The Unity of the Spirit
Some people have the idea that if you can have clear statements of church doctrine and every church member signs in agreement to those doctrines then in some way you ensure that the unity of the Spirit is being maintained; so their emphasis is altogether on the side of agreement in doctrine. At the other extreme nowadays you have people who say they do not emphasize doctrine very much, the important thing is experience. If they all have had the same wonderful experience they will be united. They are referring to the
experience of speaking in tongues and the charismatic experiences which are so much talked about today. The Roman Catholic has the experience, the Anglican has the experience, and the Baptist has the experience, and that is what really unites people.
Now the truth of the matter lies neither in one extreme nor the other. We shall not produce unity in any way, because unity is what God gives, and we shall not be able to keep the unity of the Spirit either by emphasis upon agreement in doctrine nor by an overemphasis upon similarity of experience. That is very obvious, because those who emphasize doctrine to the exclusion of everything else usually end by arguing about doctrine, and those who emphasize experience to the exclusion of doctrine usually end by arguing about their experiences.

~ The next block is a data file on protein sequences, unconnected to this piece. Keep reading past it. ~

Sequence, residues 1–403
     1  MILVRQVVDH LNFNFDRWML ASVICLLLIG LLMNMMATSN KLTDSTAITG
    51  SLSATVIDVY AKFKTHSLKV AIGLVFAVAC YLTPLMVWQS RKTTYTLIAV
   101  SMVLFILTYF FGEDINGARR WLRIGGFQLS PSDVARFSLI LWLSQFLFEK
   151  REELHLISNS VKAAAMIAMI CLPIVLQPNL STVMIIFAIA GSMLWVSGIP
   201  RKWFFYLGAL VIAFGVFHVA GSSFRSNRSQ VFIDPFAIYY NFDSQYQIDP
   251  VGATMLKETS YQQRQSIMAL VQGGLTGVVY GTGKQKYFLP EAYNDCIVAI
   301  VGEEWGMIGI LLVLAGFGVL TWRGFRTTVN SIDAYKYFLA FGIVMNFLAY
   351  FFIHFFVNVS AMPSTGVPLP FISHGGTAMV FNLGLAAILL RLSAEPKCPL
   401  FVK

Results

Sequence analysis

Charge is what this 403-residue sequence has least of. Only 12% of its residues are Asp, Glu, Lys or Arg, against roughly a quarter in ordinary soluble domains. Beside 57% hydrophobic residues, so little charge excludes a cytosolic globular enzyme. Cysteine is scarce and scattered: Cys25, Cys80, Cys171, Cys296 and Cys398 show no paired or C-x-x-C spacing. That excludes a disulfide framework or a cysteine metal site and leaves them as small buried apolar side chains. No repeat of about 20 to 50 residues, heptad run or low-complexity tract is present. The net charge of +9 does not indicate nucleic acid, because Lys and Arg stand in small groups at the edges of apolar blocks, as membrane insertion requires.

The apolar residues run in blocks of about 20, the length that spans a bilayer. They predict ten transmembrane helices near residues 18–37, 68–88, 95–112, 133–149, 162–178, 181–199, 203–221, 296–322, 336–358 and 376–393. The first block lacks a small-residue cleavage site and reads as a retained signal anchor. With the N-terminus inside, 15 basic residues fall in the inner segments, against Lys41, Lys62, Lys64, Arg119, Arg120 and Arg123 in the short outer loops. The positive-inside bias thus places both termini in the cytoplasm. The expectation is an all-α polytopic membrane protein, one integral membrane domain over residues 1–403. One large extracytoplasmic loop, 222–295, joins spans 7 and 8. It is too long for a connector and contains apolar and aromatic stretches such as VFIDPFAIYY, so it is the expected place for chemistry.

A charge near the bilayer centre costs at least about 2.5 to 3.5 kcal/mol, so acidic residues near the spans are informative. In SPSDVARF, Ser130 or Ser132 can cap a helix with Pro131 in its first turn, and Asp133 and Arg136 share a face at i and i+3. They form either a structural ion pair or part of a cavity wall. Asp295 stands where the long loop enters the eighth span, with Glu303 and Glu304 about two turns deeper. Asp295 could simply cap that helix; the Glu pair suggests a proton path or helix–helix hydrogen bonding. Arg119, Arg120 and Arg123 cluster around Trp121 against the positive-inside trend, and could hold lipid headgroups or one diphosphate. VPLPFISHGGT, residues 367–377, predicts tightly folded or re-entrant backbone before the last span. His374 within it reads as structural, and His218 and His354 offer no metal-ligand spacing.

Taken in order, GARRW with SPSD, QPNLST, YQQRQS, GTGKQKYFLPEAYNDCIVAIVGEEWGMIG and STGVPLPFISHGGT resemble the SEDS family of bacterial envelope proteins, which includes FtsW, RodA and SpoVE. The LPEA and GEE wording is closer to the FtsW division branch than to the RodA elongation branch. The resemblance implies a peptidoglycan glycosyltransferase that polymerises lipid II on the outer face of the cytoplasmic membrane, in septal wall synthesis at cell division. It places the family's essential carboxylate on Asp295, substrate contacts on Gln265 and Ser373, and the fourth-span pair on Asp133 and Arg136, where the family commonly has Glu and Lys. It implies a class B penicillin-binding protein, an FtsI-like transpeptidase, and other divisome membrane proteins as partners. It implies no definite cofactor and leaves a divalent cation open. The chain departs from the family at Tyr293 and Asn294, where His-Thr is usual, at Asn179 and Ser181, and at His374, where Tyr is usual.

What is it then that Paul is speaking about here as the unity of the Spirit? It cannot be divorced from doctrine or else you must divorce this chapter from the earlier parts of the epistle which are full of doctrine. This unity is to be expressed by people who are taught the same truth by the same Spirit, so doctrine is an essential and important aspect. But not doctrine alone or we might as well only have the first and second chapters in this epistle. So it cannot be divorced from doctrine, but it cannot be doctrine alone the Apostle is thinking of when he says we are to endeavour to keep the unity of the Spirit. Conversely it cannot be experience alone, yet there is an experience which is absolutely vital. If we are not born again by the Spirit of God we have no spiritual life, so there will be no life in me to respond to the life that is in another person. Without true experience there is no point of spiritual contact when you come to spiritual matters, there is no experience of God’s grace. So experience is important. We shall never be able to keep the unity of the spirit unless we have had a real experience of God’s work in our lives. Paul is exhorting those people to endeavour to keep the unity of the Spirit, who have all been taught by the Spirit, who have all received God’s gift of the Spirit.